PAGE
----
It was a scorching April Sunday. My friends and I were roaming along the seaside at Malpe beach and we could make out many trawlers and fishing boats in the water, their outlines contrasting sharply against the blazing sun. We were sweating in the heat, longing for some cool relief when we saw a truck carrying ice. We felt as if angels had heard our prayers and sent us manna from heaven. We ran to the truck and threw ourselves in. Only, there was a catch. We were smelling of fish!

I realize that a little context might be in order here. Malpe, situated about ten kilometres from Manipal, is a natural port and important fishing harbour. A sizeable population of this region depends on fishing and pisciculture related industries like processing, de-scaling, drying and transport, the major bulk formed by the Mogaveera community. The fisheries are looked after by the S.K. & Udupi District Co-operative Fish Marketing Federation. The federation has the Government of Karnataka as ‘A’ Class Member, 63 Primary Fishermen Co-op Societies (covering about 50,000 fishermen) as ‘B’ Class Members and about 12,200 individual fishermen as ‘C’ members.

the harbour

The harbour


We continued our walk along the shore. We could now see a huge assortment of fishes, entire shoals in fact, put on bamboo mats to dry. Fishermen were bargaining and negotiating with dealers about their haul. At one side of the open harbor, fresh stocks poured in with every trawler docking in. The harbor has excellent road connectivity.  An endless line of trucks either bring in ice and storage crates or carry the fish to the packing units nearby. In the commotion, we could see hundreds sweaty laborers busy in various activities. Through our talks, we got to know that they start early in the morning and usually work till sundown. Although brawny people are preferred, the one who has the loudest voice attracts job for the day. There is a lot of yelling involved in their line of work.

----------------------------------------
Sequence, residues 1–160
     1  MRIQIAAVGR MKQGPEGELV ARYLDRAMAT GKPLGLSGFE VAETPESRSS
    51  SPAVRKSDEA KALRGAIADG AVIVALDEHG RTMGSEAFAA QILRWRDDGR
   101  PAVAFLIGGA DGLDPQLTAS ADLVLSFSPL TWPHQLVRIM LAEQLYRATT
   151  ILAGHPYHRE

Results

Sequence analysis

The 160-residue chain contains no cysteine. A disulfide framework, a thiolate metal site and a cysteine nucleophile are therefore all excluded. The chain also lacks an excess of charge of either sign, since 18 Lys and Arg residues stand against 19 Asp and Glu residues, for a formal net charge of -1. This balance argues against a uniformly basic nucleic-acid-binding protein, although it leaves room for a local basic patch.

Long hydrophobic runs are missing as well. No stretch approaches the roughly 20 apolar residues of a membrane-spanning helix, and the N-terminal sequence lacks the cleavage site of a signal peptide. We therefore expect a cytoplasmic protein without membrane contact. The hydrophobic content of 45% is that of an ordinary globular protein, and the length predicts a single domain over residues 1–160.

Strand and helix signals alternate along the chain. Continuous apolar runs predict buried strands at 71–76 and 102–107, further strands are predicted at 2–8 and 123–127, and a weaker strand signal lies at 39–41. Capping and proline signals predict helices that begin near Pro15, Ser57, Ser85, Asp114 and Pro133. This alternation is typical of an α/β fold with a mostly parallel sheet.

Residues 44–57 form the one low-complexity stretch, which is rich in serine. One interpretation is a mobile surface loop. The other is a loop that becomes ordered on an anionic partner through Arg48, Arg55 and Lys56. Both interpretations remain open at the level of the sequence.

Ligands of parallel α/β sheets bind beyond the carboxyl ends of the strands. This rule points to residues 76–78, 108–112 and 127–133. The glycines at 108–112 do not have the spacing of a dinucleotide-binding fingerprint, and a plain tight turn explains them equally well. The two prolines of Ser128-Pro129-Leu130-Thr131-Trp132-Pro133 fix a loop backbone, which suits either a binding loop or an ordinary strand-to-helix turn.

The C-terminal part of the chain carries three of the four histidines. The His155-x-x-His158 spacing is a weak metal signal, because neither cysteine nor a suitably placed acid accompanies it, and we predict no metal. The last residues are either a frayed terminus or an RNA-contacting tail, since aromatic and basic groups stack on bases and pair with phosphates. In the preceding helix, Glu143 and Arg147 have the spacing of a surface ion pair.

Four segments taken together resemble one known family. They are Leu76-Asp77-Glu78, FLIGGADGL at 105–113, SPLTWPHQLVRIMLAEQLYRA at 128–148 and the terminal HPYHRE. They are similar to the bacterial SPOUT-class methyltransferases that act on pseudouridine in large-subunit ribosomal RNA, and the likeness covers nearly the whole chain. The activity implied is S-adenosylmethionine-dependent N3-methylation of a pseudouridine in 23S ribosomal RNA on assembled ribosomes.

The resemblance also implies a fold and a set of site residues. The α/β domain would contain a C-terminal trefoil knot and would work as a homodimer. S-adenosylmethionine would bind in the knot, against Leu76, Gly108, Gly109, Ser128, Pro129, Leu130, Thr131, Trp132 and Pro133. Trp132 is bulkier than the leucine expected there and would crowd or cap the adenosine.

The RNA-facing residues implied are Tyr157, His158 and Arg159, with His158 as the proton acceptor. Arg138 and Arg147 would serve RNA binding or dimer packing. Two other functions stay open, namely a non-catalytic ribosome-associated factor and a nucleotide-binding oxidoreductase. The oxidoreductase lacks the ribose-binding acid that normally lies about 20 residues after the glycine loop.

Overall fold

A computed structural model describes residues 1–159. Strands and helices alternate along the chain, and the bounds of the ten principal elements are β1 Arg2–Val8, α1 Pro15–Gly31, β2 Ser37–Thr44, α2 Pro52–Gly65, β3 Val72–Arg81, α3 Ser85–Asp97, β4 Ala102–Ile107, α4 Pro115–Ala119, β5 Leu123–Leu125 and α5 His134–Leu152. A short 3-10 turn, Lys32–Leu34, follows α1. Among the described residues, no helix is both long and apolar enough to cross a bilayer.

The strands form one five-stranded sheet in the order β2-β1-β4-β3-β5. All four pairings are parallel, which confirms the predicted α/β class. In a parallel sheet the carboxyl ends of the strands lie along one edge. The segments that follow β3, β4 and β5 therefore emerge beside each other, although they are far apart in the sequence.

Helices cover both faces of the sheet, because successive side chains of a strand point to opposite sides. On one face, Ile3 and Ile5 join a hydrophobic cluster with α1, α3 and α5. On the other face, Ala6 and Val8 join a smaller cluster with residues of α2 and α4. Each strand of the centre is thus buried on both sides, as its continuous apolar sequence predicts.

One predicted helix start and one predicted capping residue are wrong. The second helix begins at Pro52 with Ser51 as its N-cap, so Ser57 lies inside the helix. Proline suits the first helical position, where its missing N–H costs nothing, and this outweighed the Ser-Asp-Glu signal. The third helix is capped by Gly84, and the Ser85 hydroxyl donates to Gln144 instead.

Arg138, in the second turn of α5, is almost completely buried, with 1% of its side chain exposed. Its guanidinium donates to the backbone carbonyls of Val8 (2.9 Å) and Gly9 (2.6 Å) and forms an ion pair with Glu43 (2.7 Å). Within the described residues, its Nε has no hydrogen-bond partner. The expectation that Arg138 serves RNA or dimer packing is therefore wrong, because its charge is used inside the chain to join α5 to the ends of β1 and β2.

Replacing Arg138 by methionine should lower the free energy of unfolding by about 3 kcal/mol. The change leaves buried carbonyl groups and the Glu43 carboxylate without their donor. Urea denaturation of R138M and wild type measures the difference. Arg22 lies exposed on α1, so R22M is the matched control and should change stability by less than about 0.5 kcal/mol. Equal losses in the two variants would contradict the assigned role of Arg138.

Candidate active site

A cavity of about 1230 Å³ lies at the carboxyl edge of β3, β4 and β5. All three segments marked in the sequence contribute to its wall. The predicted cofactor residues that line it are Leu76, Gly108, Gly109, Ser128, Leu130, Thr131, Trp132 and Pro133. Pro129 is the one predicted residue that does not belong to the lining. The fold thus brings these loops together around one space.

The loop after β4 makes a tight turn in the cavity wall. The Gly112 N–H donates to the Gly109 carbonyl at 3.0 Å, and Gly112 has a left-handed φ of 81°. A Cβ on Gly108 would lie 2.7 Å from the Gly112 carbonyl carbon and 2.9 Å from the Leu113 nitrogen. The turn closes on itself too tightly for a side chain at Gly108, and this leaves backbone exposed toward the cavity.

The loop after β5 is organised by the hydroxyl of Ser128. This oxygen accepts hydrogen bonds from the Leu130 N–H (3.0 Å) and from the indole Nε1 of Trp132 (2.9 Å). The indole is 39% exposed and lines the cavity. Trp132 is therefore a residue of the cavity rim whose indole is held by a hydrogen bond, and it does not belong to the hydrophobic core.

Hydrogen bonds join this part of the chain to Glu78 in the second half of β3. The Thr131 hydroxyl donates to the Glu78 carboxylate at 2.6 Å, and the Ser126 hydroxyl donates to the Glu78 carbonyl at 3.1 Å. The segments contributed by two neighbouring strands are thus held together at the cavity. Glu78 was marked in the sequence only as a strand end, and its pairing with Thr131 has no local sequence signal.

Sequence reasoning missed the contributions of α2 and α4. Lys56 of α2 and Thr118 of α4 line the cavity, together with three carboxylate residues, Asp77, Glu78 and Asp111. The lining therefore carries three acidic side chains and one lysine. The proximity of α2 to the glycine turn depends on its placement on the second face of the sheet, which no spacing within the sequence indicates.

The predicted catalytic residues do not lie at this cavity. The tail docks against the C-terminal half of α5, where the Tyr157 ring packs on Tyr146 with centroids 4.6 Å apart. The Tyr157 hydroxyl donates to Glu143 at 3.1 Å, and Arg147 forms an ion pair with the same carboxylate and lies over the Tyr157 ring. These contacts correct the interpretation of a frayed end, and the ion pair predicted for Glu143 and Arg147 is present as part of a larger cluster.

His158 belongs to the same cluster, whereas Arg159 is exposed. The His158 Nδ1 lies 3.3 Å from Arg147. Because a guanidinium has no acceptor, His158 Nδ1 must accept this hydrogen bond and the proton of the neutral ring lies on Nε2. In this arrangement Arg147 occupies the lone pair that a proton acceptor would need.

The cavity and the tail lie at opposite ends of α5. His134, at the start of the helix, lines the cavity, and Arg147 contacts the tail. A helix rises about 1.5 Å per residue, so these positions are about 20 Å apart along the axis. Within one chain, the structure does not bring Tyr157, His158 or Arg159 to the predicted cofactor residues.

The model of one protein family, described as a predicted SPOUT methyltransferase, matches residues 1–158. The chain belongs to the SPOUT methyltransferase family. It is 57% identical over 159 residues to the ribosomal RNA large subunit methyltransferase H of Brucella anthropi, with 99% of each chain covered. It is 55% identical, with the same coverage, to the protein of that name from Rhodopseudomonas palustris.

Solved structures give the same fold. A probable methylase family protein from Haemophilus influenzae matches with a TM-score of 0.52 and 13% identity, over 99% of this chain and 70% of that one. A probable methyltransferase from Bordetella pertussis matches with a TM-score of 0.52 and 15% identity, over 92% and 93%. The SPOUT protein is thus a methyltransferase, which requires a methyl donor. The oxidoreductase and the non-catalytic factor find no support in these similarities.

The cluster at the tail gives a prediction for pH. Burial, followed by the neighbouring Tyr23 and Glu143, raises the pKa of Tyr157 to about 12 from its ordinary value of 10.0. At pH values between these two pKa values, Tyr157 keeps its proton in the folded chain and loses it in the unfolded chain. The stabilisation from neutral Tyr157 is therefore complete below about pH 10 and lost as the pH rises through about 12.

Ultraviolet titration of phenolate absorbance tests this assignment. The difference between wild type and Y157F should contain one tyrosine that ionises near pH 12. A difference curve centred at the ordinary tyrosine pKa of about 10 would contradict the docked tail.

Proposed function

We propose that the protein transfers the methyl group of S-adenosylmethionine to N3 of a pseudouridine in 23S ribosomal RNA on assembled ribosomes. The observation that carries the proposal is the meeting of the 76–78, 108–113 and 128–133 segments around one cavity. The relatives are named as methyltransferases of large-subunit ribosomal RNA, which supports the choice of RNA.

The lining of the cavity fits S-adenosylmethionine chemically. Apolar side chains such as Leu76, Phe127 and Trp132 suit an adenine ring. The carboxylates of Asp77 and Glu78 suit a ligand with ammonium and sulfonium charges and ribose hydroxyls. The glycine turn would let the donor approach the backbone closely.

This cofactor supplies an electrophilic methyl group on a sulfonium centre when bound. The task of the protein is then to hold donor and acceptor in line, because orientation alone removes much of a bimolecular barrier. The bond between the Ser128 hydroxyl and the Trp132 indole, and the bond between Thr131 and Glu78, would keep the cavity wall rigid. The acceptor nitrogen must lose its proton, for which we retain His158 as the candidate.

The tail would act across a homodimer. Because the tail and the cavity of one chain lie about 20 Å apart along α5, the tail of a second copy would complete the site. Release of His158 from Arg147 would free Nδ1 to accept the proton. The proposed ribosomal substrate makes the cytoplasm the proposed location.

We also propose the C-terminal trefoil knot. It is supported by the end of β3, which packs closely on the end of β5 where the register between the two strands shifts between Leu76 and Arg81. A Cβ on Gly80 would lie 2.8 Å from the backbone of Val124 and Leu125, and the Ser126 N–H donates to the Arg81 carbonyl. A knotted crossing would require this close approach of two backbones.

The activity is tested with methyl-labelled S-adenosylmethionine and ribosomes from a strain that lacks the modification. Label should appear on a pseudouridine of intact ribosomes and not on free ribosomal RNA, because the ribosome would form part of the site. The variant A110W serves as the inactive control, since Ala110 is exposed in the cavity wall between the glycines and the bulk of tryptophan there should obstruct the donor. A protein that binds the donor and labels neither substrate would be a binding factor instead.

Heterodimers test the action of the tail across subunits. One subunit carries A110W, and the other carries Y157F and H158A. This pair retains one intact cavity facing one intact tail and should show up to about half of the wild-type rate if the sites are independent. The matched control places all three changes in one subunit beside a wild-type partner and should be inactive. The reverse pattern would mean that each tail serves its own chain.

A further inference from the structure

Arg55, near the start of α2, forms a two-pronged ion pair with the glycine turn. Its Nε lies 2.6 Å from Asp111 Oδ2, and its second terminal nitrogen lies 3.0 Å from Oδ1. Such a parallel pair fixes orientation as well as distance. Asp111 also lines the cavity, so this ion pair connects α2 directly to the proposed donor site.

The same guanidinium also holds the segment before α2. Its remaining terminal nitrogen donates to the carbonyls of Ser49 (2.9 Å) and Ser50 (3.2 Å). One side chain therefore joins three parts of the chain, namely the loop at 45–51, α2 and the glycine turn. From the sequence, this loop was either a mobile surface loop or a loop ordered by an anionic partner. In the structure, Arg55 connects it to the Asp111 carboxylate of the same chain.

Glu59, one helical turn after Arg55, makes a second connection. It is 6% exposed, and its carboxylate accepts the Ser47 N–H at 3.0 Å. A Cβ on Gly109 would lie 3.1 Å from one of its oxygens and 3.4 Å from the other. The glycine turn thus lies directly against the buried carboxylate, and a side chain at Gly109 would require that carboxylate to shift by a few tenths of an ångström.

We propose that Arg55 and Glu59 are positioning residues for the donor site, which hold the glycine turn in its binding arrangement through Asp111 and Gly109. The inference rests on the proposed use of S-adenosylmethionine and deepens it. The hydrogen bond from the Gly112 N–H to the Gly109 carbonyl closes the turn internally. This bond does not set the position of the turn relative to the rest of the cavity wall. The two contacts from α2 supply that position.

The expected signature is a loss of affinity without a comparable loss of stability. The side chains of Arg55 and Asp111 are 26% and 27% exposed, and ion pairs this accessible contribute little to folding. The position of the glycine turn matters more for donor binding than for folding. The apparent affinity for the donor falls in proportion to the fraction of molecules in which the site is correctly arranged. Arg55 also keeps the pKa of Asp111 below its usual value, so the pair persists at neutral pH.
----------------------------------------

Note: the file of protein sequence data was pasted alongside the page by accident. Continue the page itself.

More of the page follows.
Small-scale fishermen usually sell their produce to the local markets. These are the fishes we seldom eat at the restaurants of Manipal and Udupi. Given the fact that the first settlers of the old Udupi (Adi Udupi, as it is now called) were fishermen, the locals are choosy and know their fish well. Ask any fisherman and he will start advertising his stock to you! “Aanjal, Bangra, Disco, Mangur, eel …. I have everything”, was the standard response we got from most of them. Their life story somehow reminded me of ‘Old Man and The Sea’ by Ernest Hemingway. From the old world docks to the Chinese nets used, everything had a tone of sepia to it. We could imagine generations of fishermen and traders using the same boats, fishing nets and anchors.


Fishing nets


Some days later, I tried visiting a few processing units, this time without my friends. The processing procedure is a closely guarded secret. I was shown out in the politest way possible. One of the managers asked me to visit the place at 8 in the evening, after they close. I was disheartened, but had to leave. I could spot large processing vats and complex machinery from the perimeter and was filled with burning curiosity as to what they did. I at least knew that the next time I had a fish on my plate, I would look at it with awe and respect. A lot goes into bringing one of these delicacies onto our platters.





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